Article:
And, like you, I LIKE working. I like having things to do and goals to work towards.

    It’s great to see that it is possible to travel a lot even with a job. I was planning on taking months off to travel, but didn’t want to be stuck at a job I hated for awhile, so I ended up taking a working holiday visa instead. I still work full time but being in a new country makes me feel like I’m travelling, and when I get days off I get to explore the country.

      Oooo I should add that to my list! Working holidays can be a FANTASTIC way to still make money, but also explore a new country at the same time.

    There should be more posts like this! I’m lucky enough to get a regular job that allows me to work remotely. The longest I’ve traveled while working is only three months. I still prefer to work from home, and be completely free of thoughts about work while I am traveling. I don’t want to be worrying about deadlines and other work concerns instead of being in the moment and savoring the experience! Also, wi-fi woes are the worst!

    The key is to balance between work and travel. I make do with small weekend trips between bigger and 2-week long trips. Maybe if I do try to work away from home again, I’ll make sure to stay in one place for at least a month, so I can really get into work mode, instead of forcing myself to work while I’m in my holiday mode.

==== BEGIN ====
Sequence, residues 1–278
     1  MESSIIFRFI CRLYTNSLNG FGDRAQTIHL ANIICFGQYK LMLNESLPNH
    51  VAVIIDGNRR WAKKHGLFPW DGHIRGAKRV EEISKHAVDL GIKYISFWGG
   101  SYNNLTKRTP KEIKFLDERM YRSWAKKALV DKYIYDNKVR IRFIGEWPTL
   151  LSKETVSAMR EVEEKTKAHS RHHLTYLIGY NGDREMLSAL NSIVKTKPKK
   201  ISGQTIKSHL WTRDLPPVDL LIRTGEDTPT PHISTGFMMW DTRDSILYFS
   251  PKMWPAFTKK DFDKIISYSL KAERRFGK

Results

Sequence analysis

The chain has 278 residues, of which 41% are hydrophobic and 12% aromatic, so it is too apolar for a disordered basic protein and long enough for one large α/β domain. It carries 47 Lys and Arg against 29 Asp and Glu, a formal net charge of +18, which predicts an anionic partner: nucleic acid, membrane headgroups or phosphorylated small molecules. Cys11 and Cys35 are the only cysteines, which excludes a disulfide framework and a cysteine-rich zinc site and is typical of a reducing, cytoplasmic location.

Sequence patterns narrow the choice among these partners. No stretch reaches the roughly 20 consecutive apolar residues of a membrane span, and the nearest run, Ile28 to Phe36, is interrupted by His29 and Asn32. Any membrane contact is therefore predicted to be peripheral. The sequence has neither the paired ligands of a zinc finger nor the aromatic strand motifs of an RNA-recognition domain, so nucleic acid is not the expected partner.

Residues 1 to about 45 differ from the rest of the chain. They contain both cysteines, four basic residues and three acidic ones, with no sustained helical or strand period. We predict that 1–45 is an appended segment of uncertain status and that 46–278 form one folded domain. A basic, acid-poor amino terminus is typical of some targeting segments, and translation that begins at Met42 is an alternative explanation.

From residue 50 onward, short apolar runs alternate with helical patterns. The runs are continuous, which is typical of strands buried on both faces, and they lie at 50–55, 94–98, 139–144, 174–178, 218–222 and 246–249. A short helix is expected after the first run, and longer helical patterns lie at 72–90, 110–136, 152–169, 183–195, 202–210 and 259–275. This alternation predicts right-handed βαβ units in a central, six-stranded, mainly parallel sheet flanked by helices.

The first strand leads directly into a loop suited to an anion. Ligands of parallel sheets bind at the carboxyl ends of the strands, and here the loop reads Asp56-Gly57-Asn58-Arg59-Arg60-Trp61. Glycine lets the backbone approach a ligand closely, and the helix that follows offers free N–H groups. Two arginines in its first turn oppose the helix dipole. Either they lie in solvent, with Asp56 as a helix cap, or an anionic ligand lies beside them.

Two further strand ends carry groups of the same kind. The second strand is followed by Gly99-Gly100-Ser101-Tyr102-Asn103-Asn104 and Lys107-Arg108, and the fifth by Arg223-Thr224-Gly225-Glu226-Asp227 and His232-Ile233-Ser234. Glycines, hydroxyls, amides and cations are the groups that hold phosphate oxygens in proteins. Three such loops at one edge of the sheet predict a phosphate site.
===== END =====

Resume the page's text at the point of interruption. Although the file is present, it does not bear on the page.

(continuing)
Isn’t working remotely the best? There are definitely more and more remote positions these days – you just have to look for them! I’m lucky now to be working with a team that supports my “other job” (i.e. this blog), and doesn’t mind me taking a week off here or there, or working from the other side of the world.

    Great post! I learned in my last round of travel that shorter trips are definitely more my style. Or at least break them up with a ‘home base’ once in a while…wherever that home may be. I’m off to Europe for a few months, then I’m planning on coming back to the US for the summer and getting a job, then back to Europe for the fall. It’s a nice way to regroup, earn back some of the losses from an expensive Europe, and then I can be off again ready and excited to travel! It’s so important for everyone to learn, understand, and respect their own travel styles and to not try and travel like ‘everyone else’ just because that’s what you think travel should be like. Find what works for you and own it! ๐Ÿ™‚

      Yup, it’s so important to explore your travel style before committing to this lifestyle! I would actually counsel people AGAINST completely quitting a job to travel unless they are absolutely SURE they can’t imagine life any other way. Travel isn’t always as dreamy as people imagine it to be!

    You have definitely found what works for you and that’s the thing, the ‘dream’ is different for everyone. I have been working contracts for most of the past 10 years then travelling between jobs. Also, living as an expat is a great way to experience a new culture which is also what I have been doing.